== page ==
Reading guide for The Arraignment by Steve Martini

Summary |  Excerpt |  Reading Guide |  Reviews |  Readalikes |  Genres & Themes |  Author Bio

The Arraignment

A Paul Madriani Novel

by Steve Martini

The Arraignment
  • Critics' Opinion:

    Readers' Opinion:

  • First Published:
    Jan 2003, 448 pages
    Aug 2003, 416 pages

  • Rate this book

Buy This Book

About this Book

Reading Guide Questions Print Excerpt

Please be aware that this discussion guide may contain spoilers!


In The Arraignment, the seventh and most compelling entry in the Paul Madriani series, Steve Martini spins a tale of greed, deception, and white collar crime that reaches from San Diego to Cancun and from ancient Mayan civilization to the present day. When attorney Paul Madriani's discovers his friend and fellow lawyer Nick Rush gunned down with a dubious client outside the federal courthouse, he feels responsible. Nick left his handheld device on the table where he and Paul had just finished breakfast, and if Paul had tried harder to get Nick's attention to return it, Nick might still be alive. Now, Paul is left with a piercing sense of guilt and a host of unanswered—and seemingly unanswerable—questions. Was Nick's death an accident, a case merely of being in the wrong place at the wrong time, or was he murdered because of his association with Gerald Metz, the shady contractor whom Paul himself had turned down as a client? Why did Nick try to steer Metz his way? And why was Nick, as Paul later discovers, in business with someone like Metz?

To untangle these mysteries, Paul is willing to represent a man who may be a murderer, to jeopardize his own life to save that man's wife and child, and to let himself be taken on an ill-fated trip to Mexico that plunges him into a world of thievery, treachery, and violence. Throughout the novel, we see Paul in all his complexity. He is not just a razor-sharp lawyer, though he is very much that, frequently demonstrating his relentless skill as an interrogator, and even turning the tables on the insurance company to satisfy both Nick's grudging ex-wife Margaret and his grasping widow Dana. But he is also a caring father and a faithful friend, a man of generous instincts and remarkable bravery. Perhaps most unusually, Paul Madriani is a lawyer keenly aware of the thin facade that covers the misdeeds of the legal profession and equally capable of questioning his own conscience.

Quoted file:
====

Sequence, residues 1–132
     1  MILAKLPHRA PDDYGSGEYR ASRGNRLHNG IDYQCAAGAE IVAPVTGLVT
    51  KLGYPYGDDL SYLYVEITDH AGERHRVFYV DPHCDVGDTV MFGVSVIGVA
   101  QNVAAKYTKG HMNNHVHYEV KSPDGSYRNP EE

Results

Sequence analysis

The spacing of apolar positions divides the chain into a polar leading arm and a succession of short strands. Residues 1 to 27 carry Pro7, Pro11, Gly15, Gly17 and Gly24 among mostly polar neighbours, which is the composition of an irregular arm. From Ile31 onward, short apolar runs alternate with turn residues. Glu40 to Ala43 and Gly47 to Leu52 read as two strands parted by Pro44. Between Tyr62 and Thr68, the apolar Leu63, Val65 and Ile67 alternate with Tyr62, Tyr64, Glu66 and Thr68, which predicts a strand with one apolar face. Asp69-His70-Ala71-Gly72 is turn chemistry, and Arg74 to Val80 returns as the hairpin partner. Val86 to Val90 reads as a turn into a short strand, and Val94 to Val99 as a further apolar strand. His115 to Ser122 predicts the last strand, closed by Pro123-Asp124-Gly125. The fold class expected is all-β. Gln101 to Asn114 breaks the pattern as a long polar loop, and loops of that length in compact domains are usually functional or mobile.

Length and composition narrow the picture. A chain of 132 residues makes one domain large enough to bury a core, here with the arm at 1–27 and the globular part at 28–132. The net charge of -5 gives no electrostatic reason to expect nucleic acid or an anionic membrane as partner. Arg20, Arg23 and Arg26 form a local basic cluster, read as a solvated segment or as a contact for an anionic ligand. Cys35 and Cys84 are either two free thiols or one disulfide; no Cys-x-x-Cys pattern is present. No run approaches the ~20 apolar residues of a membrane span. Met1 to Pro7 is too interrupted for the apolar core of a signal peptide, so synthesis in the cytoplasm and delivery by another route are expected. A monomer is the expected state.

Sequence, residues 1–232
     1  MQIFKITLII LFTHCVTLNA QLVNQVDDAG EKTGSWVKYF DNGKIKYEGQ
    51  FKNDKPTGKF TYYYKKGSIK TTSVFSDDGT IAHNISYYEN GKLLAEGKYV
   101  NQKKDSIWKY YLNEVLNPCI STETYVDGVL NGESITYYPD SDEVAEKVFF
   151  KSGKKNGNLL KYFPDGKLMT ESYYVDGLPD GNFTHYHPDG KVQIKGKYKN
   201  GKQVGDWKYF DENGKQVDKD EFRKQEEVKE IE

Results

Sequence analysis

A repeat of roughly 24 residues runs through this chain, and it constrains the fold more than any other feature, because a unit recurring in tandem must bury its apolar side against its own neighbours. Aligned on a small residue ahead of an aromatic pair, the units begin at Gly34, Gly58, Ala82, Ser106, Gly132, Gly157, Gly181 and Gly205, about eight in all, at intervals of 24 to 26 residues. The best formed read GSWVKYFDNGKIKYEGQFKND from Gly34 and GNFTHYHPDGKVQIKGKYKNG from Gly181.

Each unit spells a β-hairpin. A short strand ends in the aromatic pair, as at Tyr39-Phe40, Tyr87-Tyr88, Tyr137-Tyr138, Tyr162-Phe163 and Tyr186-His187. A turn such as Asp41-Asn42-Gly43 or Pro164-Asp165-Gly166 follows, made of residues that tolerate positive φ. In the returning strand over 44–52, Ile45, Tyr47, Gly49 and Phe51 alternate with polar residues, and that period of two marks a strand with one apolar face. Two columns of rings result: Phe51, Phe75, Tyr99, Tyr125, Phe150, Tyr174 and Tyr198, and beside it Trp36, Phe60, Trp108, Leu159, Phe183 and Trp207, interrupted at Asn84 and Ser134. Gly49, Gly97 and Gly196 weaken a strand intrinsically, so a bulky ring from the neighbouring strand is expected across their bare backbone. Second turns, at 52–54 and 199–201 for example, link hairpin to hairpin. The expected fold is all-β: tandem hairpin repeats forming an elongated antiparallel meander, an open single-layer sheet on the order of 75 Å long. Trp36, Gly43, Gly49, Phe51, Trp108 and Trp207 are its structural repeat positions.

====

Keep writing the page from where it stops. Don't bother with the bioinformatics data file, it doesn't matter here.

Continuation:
The result is a taut, fast-paced legal thriller that exposes the dark underside of the law, as well as the greed and overreaching ambition that so often, in fiction as in life, end in disaster.

Discussion Questions
  1. The Arraignment frequently offers trenchant insights into the inner workings of the law. Paul says, for example, that "lawyers working in [mergers and acquisitions] will tell you that corporate management getting rich while their companies go broke is just part of the normal business cycle," and that "a lot of money in America is still made the old-fashioned way, by stealing it" [p. 219]. What other criticisms does the novel level at our legal system? In what ways does it illuminate real-world legal manipulations like those associated with the collapse of Enron and other corporate scandals? How does Paul Madriani regard these behaviors?
  2. In considering Nick Rush's death, Paul feels sure that "any psychiatrist would tell me I was faultless. But a lawyer, a man trained to sharpen the point on guilt, might view it otherwise, as I do, as a proximate cause of death" [p. 69]. To what extent is Paul responsible for Nick's death? How does his own sense of personal responsibility affect the unfolding of the rest of the novel? How do the novel's final revelations confirm or refute Paul's interpretation of his own behavior?
  3. What kind of women are Nick's ex-wife Margaret and his widow Dana Rush? What do we learn about their characters from the way they approach the settlement of Nick's life insurance policy? How do Paul's values differ from the values of these two women? What acts of generosity does Paul perform during the course of the novel?
  4. Everyone assumes, particularly after the Mexican connection is established, that drugs are involved in the murders of Metz and Nick Rush. Is it surprising to learn that drugs are may not be the motive for their murders? What are the implications of ancient cultural artifacts being used in major criminal activity?
  5. By what means does Steve Martini create and sustain narrative suspense throughout the novel? How does the novel's parceling out or withholding of knowledge create a desire to read on? How unexpected are the revelations delivered in the novel's final pages? Which of these disclosures were you able to predict?